For historical reasons, I leave here the parameter changes between ATP created in June and end-August 2020. For paths, only the differences are highlighted:

parameterATP June 2020ATP August 2020

Attention OPatch ‘opatch util cleanup’ command deletes files from /etc, /bin, /lib 2

On January 28th 2020 I reported to Oracle on a Severy 1 SR that the latest OPatch version tries to delete system files from /etc, /bin, /lib :

I wrote in the SR the use case, provided the logs. On my case, the opatch cleanup command “just” deleted the configuration files of my backup client in /etc (opatch deletes files that are writable by the user who calls the command – ‘oracle’/’grid’ in most of the cases).

The location from where ‘opatch cleanup util’ tries to delete files depends from where you call it! So, if you call from / or from $ORACLE_BASE or from $ORACLE_HOME/OPatch you’ll get different behaviours!

It took two months until I got an answer to that SR, saying a bug was created and it will be fixed on the next version of OPatch:

Today there was a release of April 2020 Security patches, the latest Oracle Patch Bundles. To my surprise, for Oracle versions 12.2, 18c and 19c, there is the requirement of using OPatch version, the exact same version that has this dangerous bug!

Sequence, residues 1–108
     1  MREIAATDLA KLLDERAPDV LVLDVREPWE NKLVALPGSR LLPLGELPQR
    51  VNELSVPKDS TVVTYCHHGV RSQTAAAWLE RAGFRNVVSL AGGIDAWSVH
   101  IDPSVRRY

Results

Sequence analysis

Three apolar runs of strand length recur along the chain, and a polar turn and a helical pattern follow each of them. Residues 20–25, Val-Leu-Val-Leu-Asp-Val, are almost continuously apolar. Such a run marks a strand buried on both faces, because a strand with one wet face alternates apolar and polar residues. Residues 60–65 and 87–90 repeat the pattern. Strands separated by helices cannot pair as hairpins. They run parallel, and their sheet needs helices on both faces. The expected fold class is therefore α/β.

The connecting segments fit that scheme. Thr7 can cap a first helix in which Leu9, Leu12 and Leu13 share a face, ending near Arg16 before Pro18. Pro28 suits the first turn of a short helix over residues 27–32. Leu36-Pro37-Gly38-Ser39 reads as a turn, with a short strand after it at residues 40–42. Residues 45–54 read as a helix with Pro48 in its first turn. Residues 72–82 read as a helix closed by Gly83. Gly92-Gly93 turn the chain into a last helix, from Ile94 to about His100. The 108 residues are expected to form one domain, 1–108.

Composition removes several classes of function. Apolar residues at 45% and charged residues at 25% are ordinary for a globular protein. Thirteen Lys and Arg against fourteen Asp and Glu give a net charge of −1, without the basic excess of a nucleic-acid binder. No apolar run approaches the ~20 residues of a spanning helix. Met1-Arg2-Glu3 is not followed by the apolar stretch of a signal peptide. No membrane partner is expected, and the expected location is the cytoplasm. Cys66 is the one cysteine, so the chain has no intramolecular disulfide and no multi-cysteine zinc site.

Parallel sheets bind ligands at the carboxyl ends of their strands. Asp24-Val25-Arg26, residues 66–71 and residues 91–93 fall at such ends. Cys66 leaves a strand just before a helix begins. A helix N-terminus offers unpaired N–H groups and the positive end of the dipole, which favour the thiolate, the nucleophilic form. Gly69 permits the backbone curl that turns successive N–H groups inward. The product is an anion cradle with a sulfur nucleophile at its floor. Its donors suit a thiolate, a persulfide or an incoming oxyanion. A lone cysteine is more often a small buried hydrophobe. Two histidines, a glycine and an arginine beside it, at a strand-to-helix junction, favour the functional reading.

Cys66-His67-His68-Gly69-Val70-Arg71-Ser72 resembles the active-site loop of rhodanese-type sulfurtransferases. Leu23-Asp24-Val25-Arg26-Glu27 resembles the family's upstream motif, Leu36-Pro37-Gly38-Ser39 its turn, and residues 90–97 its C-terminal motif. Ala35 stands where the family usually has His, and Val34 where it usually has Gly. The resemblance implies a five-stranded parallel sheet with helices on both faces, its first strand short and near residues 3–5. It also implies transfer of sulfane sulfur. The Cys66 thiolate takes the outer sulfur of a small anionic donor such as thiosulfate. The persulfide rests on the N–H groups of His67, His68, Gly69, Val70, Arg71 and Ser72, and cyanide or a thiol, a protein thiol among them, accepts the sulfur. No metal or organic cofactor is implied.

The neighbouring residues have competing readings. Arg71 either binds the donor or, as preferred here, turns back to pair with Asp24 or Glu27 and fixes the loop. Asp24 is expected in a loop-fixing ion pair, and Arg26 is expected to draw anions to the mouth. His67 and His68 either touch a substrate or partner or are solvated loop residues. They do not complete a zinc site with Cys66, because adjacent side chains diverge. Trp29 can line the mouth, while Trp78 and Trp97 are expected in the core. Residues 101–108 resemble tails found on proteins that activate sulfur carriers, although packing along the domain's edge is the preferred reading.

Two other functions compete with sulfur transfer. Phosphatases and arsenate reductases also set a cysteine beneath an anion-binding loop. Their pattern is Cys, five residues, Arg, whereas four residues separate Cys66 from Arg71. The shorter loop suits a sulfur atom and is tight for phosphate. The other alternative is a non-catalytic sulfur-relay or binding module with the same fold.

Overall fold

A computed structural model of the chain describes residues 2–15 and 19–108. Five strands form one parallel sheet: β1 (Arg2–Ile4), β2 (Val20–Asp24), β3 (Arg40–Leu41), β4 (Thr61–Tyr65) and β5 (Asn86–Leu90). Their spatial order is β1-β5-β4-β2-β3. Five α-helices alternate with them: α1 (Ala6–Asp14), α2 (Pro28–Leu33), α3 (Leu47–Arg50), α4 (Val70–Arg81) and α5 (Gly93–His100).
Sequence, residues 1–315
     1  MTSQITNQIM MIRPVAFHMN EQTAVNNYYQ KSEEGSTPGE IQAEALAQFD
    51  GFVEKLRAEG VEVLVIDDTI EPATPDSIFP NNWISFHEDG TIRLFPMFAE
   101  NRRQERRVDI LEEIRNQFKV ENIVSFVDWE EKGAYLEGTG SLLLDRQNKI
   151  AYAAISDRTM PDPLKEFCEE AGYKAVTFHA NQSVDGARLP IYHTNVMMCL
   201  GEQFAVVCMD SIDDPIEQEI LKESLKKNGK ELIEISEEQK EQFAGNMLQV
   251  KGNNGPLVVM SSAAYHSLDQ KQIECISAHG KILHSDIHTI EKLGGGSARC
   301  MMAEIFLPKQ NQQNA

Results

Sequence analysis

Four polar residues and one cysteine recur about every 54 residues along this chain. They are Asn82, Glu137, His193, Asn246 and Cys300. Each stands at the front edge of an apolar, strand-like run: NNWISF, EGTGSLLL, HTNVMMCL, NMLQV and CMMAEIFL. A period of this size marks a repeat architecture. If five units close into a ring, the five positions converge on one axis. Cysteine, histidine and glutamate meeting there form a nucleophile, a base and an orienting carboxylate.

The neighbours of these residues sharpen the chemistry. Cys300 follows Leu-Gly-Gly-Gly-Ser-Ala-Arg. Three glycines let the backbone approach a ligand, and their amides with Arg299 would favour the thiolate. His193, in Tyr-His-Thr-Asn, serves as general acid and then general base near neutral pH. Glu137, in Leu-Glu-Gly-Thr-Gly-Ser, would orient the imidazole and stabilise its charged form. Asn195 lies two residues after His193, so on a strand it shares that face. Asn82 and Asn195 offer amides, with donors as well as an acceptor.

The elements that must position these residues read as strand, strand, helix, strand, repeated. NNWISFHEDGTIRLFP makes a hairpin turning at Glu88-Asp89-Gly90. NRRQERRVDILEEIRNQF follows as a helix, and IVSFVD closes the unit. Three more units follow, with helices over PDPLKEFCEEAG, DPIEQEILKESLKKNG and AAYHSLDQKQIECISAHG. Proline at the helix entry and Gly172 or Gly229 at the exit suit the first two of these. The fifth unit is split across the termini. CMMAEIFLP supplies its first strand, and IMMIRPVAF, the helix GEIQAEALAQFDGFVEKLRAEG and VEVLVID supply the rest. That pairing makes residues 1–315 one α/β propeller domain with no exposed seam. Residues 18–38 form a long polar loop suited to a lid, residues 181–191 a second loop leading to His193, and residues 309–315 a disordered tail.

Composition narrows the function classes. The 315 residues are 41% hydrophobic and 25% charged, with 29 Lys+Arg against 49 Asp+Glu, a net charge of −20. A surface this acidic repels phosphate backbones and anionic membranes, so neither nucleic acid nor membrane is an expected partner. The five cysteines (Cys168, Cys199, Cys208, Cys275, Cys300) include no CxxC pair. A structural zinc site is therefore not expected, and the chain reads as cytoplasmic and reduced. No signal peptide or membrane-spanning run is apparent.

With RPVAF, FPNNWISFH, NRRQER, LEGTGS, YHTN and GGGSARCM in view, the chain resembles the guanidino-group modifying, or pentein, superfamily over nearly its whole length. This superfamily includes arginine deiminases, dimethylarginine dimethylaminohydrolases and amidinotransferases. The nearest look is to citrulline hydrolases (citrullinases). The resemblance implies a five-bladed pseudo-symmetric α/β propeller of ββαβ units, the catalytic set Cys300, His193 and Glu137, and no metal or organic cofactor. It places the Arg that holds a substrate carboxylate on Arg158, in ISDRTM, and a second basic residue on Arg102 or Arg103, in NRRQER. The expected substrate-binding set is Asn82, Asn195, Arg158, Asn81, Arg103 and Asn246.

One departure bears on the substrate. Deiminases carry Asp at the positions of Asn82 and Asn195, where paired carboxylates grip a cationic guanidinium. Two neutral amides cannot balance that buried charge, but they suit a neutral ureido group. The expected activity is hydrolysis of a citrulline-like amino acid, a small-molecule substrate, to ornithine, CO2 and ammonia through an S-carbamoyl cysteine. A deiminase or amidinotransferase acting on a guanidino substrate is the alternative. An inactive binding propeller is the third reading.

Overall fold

The bug reported end of January was not yet fixed! At least, on OPatch readme there is now a warning:

So, be careful until then and do not use ‘opatch util cleanup’. Anyway, this command is not anymore needed, as a cleanup (without deleting any wrong file) of the $ORACLE_HOME/.patch_storage directory is automatically done at the end of the patching.

Oracle 19c – TFA and Oracle Restart (SIHA)

It took Oracle two months and some persuasion effort to make the analyst to read and believe what I’ve written on the Service Request, but the answer finally come from development:

TFA is disabled in all 19.* SIHA versions. Will let you know once enabled.
You can download TFA from MOS and install it.

My original request in February was:

I’m installing Oracle Restart in silent mode.

I see that TFA is provided both in GI and RDBMS homes under $ORACLE_HOME/suptools/tfa/release/tfa_home

How can I make it to install THIS VERSION OF TFA (and not downloaded from Oracle Support) automatically part of a silent mode installation?

At the moment, when it runs the from RDBMS installation, it calls both
. /u00/app/oracle/product/19.6.0/install/utl/ "$@"

The sets:

On the output of the script there is:

Oracle Trace File Analyzer (TFA) is available at : /u00/app/oracle/product/19.6.0/bin/tfactl

but this does not exist: